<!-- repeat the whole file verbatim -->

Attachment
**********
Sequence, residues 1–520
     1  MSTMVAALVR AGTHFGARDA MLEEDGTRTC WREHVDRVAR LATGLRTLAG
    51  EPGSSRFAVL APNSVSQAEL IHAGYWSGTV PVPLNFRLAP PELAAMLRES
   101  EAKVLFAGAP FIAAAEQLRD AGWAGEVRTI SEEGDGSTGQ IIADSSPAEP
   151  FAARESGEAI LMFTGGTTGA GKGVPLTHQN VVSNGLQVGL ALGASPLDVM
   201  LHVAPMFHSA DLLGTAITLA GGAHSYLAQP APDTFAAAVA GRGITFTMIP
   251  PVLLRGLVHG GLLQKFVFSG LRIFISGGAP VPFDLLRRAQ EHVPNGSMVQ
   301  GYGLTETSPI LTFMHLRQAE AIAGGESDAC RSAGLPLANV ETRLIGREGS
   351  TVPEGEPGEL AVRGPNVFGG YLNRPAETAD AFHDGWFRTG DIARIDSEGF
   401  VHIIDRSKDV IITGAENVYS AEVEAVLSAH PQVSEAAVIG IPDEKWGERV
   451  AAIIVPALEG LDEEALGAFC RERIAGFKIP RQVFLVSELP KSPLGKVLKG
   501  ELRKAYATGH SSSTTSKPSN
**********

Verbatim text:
Sequence, residues 1–520
     1  MSTMVAALVR AGTHFGARDA MLEEDGTRTC WREHVDRVAR LATGLRTLAG
    51  EPGSSRFAVL APNSVSQAEL IHAGYWSGTV PVPLNFRLAP PELAAMLRES
   101  EAKVLFAGAP FIAAAEQLRD AGWAGEVRTI SEEGDGSTGQ IIADSSPAEP
   151  FAARESGEAI LMFTGGTTGA GKGVPLTHQN VVSNGLQVGL ALGASPLDVM
   201  LHVAPMFHSA DLLGTAITLA GGAHSYLAQP APDTFAAAVA GRGITFTMIP
   251  PVLLRGLVHG GLLQKFVFSG LRIFISGGAP VPFDLLRRAQ EHVPNGSMVQ
   301  GYGLTETSPI LTFMHLRQAE AIAGGESDAC RSAGLPLANV ETRLIGREGS
   351  TVPEGEPGEL AVRGPNVFGG YLNRPAETAD AFHDGWFRTG DIARIDSEGF
   401  VHIIDRSKDV IITGAENVYS AEVEAVLSAH PQVSEAAVIG IPDEKWGERV
   451  AAIIVPALEG LDEEALGAFC RERIAGFKIP RQVFLVSELP KSPLGKVLKG
   501  ELRKAYATGH SSSTTSKPSN